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Military officials said acceptance numbers have come down among those who are not deployed.
Army Chief General James McCoville, using his own experience, encouraged soldiers to vaccinate. “When they asked me how it felt, I said that it was much less painful than some of the meetings at the Pentagon.”
Colonel Jodi Dugai, commander of the Bene-Jones Army Community Hospital in Fort Polk, Louisiana, said that negotiations with eight to 10 comrades at the squad level so far have been successful, and it helps to get more information.
At the Joint Readiness Training Center at Fort Polk, Brig. General David Doyle has a dual challenge. As a base commander, they must persuade the approximately 7,500 soldiers present at the base to get a shot and they need to ensure that thousands of cycling soldiers are safe for training exercises.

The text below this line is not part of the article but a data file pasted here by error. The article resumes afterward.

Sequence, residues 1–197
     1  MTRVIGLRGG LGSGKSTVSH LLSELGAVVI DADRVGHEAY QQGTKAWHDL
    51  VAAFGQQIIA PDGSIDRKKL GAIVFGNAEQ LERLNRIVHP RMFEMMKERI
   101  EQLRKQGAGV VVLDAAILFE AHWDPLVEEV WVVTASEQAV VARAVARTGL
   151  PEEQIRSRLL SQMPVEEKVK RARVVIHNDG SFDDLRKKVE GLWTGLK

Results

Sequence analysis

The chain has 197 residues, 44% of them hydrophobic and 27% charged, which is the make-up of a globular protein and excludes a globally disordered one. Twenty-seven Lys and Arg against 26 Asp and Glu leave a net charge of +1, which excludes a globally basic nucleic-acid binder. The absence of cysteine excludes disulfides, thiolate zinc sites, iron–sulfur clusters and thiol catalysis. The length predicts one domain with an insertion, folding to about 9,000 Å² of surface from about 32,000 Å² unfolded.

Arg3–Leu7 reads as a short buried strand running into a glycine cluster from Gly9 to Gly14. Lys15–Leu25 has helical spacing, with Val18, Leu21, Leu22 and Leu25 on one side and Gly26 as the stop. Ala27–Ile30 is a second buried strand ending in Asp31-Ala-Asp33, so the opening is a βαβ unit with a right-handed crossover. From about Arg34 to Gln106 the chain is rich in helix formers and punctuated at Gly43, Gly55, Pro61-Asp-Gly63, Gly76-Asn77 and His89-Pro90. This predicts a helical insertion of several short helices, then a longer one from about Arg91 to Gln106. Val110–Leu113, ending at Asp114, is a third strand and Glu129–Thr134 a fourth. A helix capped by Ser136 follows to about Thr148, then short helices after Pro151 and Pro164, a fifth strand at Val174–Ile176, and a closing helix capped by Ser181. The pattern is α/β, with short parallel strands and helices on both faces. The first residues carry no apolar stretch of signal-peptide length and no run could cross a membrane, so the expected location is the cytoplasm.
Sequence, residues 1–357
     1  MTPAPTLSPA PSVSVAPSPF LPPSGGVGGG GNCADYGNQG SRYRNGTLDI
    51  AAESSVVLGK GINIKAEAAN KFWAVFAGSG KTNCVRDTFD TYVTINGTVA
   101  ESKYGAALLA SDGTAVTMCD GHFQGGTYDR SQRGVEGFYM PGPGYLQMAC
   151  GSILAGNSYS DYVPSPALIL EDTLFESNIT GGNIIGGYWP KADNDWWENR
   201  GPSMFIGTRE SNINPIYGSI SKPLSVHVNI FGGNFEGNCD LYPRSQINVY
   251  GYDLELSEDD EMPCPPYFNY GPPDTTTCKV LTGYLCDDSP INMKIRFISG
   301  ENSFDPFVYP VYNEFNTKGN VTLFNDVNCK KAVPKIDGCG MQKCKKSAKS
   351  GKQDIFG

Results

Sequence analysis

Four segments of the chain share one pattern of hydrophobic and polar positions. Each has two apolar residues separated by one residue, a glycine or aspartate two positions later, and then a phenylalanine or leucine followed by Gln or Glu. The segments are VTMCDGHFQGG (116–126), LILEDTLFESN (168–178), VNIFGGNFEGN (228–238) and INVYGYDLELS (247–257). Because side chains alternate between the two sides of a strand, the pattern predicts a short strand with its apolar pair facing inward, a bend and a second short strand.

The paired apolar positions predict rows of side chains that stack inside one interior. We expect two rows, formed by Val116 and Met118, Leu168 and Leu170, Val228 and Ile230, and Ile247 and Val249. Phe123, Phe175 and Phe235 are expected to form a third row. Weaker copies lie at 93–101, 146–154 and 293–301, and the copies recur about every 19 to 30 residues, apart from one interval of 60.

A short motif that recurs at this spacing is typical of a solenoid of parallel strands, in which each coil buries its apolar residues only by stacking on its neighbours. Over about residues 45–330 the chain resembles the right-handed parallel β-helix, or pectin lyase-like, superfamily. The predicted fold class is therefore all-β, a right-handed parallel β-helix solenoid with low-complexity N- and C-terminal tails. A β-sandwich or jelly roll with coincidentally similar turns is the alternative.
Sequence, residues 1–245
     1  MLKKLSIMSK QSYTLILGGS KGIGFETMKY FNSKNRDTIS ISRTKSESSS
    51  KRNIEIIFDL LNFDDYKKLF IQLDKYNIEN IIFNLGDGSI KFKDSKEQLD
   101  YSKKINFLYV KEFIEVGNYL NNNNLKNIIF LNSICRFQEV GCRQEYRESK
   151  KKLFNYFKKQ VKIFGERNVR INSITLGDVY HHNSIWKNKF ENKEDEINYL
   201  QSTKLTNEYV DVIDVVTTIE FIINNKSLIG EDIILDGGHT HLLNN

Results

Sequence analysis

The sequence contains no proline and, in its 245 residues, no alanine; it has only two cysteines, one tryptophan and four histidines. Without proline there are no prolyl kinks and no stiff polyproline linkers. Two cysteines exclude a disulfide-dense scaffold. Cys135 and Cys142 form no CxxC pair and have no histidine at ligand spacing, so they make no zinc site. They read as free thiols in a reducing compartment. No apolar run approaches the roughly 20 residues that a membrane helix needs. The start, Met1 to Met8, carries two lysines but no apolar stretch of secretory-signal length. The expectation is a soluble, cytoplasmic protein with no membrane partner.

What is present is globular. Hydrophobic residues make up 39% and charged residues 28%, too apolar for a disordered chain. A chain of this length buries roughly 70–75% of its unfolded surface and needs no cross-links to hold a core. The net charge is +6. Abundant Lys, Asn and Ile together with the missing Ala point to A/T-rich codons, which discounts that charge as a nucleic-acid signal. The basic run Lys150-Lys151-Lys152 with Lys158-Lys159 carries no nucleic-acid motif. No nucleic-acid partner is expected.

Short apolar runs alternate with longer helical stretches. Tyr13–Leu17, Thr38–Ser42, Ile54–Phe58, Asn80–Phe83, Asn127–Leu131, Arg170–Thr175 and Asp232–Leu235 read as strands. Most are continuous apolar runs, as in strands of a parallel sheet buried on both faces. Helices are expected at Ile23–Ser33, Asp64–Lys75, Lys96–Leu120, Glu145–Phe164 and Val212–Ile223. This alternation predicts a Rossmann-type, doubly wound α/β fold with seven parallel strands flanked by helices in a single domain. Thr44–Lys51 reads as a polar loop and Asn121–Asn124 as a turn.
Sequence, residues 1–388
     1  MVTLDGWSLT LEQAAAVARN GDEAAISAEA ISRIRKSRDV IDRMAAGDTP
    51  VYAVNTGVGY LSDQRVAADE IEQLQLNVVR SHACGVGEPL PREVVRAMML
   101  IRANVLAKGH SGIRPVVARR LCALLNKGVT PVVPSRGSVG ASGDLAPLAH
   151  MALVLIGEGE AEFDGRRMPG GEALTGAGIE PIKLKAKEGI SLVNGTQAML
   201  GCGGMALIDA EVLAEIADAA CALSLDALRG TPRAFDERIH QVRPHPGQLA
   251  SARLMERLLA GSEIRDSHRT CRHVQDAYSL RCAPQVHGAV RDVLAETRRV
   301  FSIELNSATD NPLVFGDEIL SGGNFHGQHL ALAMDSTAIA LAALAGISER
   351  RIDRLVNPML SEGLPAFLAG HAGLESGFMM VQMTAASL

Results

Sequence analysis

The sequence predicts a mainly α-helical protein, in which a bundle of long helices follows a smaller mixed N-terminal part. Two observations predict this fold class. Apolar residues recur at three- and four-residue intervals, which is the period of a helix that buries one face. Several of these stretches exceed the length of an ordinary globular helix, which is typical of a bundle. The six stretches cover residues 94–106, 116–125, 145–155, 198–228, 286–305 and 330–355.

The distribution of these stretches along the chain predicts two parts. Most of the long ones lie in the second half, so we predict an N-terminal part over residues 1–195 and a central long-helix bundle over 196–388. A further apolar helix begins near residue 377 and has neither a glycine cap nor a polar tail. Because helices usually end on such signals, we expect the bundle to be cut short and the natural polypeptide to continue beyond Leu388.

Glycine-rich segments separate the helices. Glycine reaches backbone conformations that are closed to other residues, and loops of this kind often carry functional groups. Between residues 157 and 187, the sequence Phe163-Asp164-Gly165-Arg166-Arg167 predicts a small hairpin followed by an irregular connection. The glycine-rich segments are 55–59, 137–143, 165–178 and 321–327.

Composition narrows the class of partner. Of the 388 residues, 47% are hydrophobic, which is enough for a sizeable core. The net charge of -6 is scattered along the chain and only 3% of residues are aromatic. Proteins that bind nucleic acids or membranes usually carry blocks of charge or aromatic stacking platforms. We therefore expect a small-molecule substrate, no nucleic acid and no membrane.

Doyle said the acceptance rate on his basis is between 30% and 40%, and most often it is a decline of young soldiers.
“They tell me they don’t have high confidence in the vaccine because they believe it was done too quickly,” he said. Top health officials have confirmed the safety and effectiveness of the vaccine.
Doyle said it appears that peers are often more influential than leaders in persuading army soldiers – a sentiment sung by Bailey, an Army Forces Command surgeon.
“We’re trying to figure out who is going to influence,” Bailey said. “Is this a squad leader or platoon sergeant in the army? I think it probably is. Someone who is over their age and interacts more regularly with them vs. the general officer who takes their picture and says , “I’ve got shot. ”